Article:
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OPINION: Too Much Water to Waste?

Does California have too much water? Seriously. Because our actions are sending peculiar messages. Even the State Water Board has backed off on conservation targets for some water agencies.

It’s true, rains have replenished much of Northern California’s reservoirs and Governor Brown’s mandated 25% water restrictions made a serious dent in our water binge. A whopping 1.1 million acre-feet of water was saved, or rather, not wasted, thanks to these restrictions.

Corporate Water Users Who Saved the Most — Or Least

The City of San Diego supplied its top 10 corporate water customers with 1.6 billion gallons in the budget year that ended on June 30, 2015.

Counties Fight SoCal Water Giant’s Delta Grab

Political agencies and nonprofits in the Central Valley say the Metropolitan District of Southern California’s $175 million purchase of four islands in the Sacramento-San Joaquin River Delta may cause significant environmental changes and sued to block the sale.

San Joaquin and Contra Costa counties, Central Delta Water Agency, Contra Costa County Water Agency and Food & Water Watch and the Planning and Conservation League sued the district on April 15 in San Joaquin County Superior Court, seeking a court order blocking Metropolitan District of Southern California’s purchase of 20,369 acres of property — including five delta islands and tracts — until an environmental review is satisfied.

Synthetic Grass Distributor Says L.A. Demand Doubled in Past Year

Southern California didn’t enjoy the El Nino bump in rain and snow that fell in the northern part of the state. The nearly 5-year-old drought isn’t likely to end in 2016, and it has already doubled the demand for artificial turf in greater Los Angeles, according to Anaheim-based Synthetic Grass Warehouse, the nation’s largest distributor of the product.

In citing its annual growth in the L.A. market, privately held Synthetic Grass Warehouse, or SGW, points to continuing water restrictions as a key driver of demand.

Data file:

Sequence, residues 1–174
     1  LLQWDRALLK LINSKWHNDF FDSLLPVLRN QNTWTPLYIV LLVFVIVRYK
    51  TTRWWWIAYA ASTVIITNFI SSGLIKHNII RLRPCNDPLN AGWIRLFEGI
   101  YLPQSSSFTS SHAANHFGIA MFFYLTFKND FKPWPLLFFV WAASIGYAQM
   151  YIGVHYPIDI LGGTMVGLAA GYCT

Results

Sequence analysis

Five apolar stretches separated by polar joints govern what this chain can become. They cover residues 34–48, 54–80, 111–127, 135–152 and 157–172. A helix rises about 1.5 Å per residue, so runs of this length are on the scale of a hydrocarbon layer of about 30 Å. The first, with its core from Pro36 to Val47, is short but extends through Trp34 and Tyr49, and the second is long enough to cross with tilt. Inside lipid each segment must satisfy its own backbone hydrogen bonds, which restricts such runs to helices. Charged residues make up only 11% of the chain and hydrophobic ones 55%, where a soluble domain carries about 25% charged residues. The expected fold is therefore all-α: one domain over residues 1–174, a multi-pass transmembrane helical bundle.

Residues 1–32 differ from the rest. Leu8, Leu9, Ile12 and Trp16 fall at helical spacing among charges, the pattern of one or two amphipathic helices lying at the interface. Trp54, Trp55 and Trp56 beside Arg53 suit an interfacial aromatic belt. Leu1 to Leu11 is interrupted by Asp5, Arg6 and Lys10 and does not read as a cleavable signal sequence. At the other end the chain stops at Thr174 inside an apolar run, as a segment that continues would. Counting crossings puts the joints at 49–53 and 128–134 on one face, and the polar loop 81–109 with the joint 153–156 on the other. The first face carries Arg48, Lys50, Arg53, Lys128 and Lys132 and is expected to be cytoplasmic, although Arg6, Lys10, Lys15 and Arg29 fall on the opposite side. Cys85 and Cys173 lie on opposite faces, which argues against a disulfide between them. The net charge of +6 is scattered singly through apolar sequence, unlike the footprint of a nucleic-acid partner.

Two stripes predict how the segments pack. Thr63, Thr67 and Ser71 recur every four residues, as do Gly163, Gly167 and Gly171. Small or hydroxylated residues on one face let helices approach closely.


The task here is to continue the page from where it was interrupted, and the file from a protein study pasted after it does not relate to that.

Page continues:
OPINION: Actually, Fellow Headline Writers, Storms Did Dent the Drought

“Storms won’t make a dent in the drought.” I hate that headline. It is so untrue — not that we haven’t used it ourselves a few times over the five years of California drought.

But the fact is that the Friday and Saturday rains made a big dent in the drought, and not just for those of us who like our little yards. The drought is not a monolith; we all have our own locavore version of it to grapple with.

OPINION: We Can Better Deal With Drought With More Data


When Californians want to buy a car, data on fuel efficiency, safety, performance and virtually every factoid imaginable are just a quick online search away. However, California’s water managers have to do extensive research just to piece together the basic facts.

By making California’s existing water data open, transparent and publicly accessible, we could significantly improve our drought resilience. The problem isn’t a lack of information so much as a lack of accessible, user-friendly data.


Still No Showers at San Diego State Beaches

Even though the California Department of Water Resources reports a near normal snow pack after four years of little snow, the governor’s office is not ready to turn on the rinse-off showers at local state beaches yet.

The beach showers at Silver Strand, Torrey Pines, Cardiff, and South Carlsbad, were shut down last July. Later in the year, so were some campground showers and beach restroom sinks.

Metropolitan Water District Sued

The Metropolitan Water District has been sued over the multi million-dollar purchase of five islands in the Sacramento River Delta.

Two Northern California counties, two water districts and two environmental groups filed suit on Thursday.